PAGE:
Changes between 2.6 and 2.7: SSA Verifier and visitFreeInst

Hi llvm,

1) The lib/VMCore/Verifier.cpp in 2.7 implements Verifier::VerifyType,
which is empty in 2.6. I noticed that it does not check all types,
for example, UnionTyID, OpaqueTyID, LabelTyID, MetadataTyID
and etc are ignored in the 'default' branch. Does it mean we dont
need to check them?

Another question is: How much does Verifier.cpp check statically?
Can I take it as a type checker for SSA? Is there any static
semantics that has not been checked yet?

2) visitFreeInst has been removed from lib/ExecutionEngine/Interpreter in 2.7
Will this have any back-compatible problem when interpreting any
*.bc from 2.6?

Thanks

Hi llvm,

1) The lib/VMCore/Verifier.cpp in 2.7 implements Verifier::VerifyType,
which is empty in 2.6. I noticed that it does not check all types,
for example, UnionTyID, OpaqueTyID, LabelTyID, MetadataTyID
and etc are ignored in the 'default' branch. Does it mean we dont
need to check them?

They are leaf types (just like integer type), there is nothing to check.

Another question is: How much does Verifier.cpp check statically?
Can I take it as a type checker for SSA? Is there any static
semantics that has not been checked yet?

The verifier is best effort, it does not guarantee correctness.

2) visitFreeInst has been removed from lib/ExecutionEngine/Interpreter in 2.7
Will this have any back-compatible problem when interpreting any
*.bc from 2.6?

The .bc reader will eliminate freeinst from the ir when reading an old file.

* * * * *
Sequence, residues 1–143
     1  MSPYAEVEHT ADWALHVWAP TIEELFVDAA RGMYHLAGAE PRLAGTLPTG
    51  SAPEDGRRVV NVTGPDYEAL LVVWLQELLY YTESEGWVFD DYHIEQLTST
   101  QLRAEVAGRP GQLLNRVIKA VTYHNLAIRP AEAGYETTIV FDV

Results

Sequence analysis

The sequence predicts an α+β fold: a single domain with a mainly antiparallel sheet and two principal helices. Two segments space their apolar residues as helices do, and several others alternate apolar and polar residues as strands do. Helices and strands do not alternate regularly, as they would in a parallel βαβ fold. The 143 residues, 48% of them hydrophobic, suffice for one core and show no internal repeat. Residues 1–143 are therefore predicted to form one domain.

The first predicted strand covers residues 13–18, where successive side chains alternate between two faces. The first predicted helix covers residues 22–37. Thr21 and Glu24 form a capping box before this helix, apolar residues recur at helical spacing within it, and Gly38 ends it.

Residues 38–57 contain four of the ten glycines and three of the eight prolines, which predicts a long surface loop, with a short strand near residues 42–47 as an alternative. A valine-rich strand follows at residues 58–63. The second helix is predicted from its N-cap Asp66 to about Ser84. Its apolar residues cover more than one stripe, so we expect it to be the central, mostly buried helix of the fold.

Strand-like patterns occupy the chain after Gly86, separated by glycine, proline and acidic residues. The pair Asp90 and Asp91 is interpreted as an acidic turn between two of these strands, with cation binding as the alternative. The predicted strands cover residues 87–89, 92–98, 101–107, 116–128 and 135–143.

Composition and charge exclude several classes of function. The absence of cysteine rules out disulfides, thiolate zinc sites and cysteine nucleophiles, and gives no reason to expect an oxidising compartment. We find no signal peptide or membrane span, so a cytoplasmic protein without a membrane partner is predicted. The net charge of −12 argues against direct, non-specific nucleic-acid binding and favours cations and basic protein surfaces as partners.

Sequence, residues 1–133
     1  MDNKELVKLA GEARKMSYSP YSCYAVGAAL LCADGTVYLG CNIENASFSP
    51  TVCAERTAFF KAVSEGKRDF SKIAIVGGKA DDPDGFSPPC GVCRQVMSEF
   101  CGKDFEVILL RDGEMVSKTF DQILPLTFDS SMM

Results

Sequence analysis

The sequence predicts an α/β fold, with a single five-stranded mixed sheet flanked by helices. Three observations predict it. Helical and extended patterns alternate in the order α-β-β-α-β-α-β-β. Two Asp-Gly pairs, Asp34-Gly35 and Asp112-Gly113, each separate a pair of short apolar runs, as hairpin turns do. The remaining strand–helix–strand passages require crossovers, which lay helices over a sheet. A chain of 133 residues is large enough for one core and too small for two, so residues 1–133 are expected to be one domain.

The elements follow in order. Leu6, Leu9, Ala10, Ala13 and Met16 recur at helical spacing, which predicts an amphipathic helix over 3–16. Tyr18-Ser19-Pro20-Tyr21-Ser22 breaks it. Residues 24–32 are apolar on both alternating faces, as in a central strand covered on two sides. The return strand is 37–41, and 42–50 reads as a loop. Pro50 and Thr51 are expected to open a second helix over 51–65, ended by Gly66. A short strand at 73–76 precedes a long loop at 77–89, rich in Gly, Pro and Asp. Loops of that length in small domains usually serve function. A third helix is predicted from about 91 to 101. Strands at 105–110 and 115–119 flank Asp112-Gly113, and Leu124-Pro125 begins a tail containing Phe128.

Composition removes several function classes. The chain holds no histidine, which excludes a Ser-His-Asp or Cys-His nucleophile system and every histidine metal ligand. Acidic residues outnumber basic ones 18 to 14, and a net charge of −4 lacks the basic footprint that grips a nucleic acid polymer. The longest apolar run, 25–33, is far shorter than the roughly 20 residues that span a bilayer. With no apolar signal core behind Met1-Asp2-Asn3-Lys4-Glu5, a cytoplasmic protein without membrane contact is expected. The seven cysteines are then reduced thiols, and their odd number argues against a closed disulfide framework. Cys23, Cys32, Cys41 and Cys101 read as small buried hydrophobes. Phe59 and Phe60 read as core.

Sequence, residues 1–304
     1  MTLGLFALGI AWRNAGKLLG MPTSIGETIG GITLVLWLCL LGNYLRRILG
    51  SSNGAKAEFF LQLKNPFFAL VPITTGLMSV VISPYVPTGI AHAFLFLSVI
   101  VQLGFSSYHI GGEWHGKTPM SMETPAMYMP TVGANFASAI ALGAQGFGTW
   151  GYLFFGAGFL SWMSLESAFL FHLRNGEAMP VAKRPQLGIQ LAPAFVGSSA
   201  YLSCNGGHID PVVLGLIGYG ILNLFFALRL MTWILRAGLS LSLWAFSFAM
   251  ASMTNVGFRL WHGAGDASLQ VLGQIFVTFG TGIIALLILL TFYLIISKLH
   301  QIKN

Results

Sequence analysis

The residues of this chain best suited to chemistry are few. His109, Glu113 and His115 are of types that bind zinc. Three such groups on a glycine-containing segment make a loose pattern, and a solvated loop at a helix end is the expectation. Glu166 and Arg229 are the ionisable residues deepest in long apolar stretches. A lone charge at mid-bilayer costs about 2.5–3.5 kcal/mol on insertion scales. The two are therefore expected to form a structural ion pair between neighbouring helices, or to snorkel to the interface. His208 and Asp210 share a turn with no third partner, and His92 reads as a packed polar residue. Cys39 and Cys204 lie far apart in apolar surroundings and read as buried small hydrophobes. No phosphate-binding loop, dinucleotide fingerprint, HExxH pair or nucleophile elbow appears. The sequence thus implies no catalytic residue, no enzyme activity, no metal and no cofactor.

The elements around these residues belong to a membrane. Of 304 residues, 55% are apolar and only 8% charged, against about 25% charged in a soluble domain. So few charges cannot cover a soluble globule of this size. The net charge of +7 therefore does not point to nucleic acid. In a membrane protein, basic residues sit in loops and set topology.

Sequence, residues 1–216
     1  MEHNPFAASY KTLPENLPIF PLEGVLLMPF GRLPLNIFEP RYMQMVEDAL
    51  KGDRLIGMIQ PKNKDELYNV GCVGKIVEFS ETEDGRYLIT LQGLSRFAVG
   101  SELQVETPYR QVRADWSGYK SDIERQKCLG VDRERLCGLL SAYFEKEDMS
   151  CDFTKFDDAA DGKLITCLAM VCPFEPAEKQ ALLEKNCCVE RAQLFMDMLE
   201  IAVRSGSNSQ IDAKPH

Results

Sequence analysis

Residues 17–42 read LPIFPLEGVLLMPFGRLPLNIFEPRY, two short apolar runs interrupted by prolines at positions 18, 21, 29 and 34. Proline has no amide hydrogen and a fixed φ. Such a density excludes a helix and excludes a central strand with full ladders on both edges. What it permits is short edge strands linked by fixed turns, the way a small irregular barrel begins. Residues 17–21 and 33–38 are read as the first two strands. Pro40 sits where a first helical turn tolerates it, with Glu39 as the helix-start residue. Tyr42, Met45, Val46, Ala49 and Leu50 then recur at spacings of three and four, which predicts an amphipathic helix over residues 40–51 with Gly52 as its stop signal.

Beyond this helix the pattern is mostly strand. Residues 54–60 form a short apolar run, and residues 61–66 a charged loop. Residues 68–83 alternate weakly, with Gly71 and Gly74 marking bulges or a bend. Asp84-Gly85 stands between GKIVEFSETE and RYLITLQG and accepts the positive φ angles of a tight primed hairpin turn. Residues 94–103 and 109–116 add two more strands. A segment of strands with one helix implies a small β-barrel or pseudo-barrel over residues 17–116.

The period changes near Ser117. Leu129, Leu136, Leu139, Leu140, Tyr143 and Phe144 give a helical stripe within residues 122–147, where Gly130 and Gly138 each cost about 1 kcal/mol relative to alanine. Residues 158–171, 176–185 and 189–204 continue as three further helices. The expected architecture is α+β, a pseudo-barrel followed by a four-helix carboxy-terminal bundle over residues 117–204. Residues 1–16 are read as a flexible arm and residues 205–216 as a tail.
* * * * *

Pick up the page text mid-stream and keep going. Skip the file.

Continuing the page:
-chris

Jianzhou Zhao wrote:

Hi llvm,

1) The lib/VMCore/Verifier.cpp in 2.7 implements Verifier::VerifyType,
which is empty in 2.6. I noticed that it does not check all types,
for example, UnionTyID, OpaqueTyID, LabelTyID, MetadataTyID
and etc are ignored in the 'default' branch. Does it mean we dont
need to check them?

We do need to check union. I'll add that. The others don't need a case because they don't contain subtypes; it's impossible to have an illegal label type. It's either a label type or it isn't. :slight_smile:

Another question is: How much does Verifier.cpp check statically?
Can I take it as a type checker for SSA? Is there any static
semantics that has not been checked yet?

There are things that it does not check yet. It doesn't verify constant expressions, so 'bitcast i32* @x to i32' will still escape detection, if you can manage to create one (ie., you're running with assertions off).

Further, there are semantics of the program that the verifier will never verify. It is undefined behaviour to shift beyond the width of an integer. It is undefined behaviour to call a function with mismatching calling conventions. http://llvm.org/docs/FAQ.html#callconvwrong

2) visitFreeInst has been removed from lib/ExecutionEngine/Interpreter in 2.7
Will this have any back-compatible problem when interpreting any
*.bc from 2.6?

The 'free' instruction has been removed from LLVM 2.7. Any .bc files using it will have a 'call @free' inserted in its place.

Nick

Jianzhou Zhao wrote:

Hi llvm,

1) The lib/VMCore/Verifier.cpp in 2.7 implements Verifier::VerifyType,
which is empty in 2.6. I noticed that it does not check all types,
for example, UnionTyID, OpaqueTyID, LabelTyID, MetadataTyID
and etc are ignored in the 'default' branch. Does it mean we dont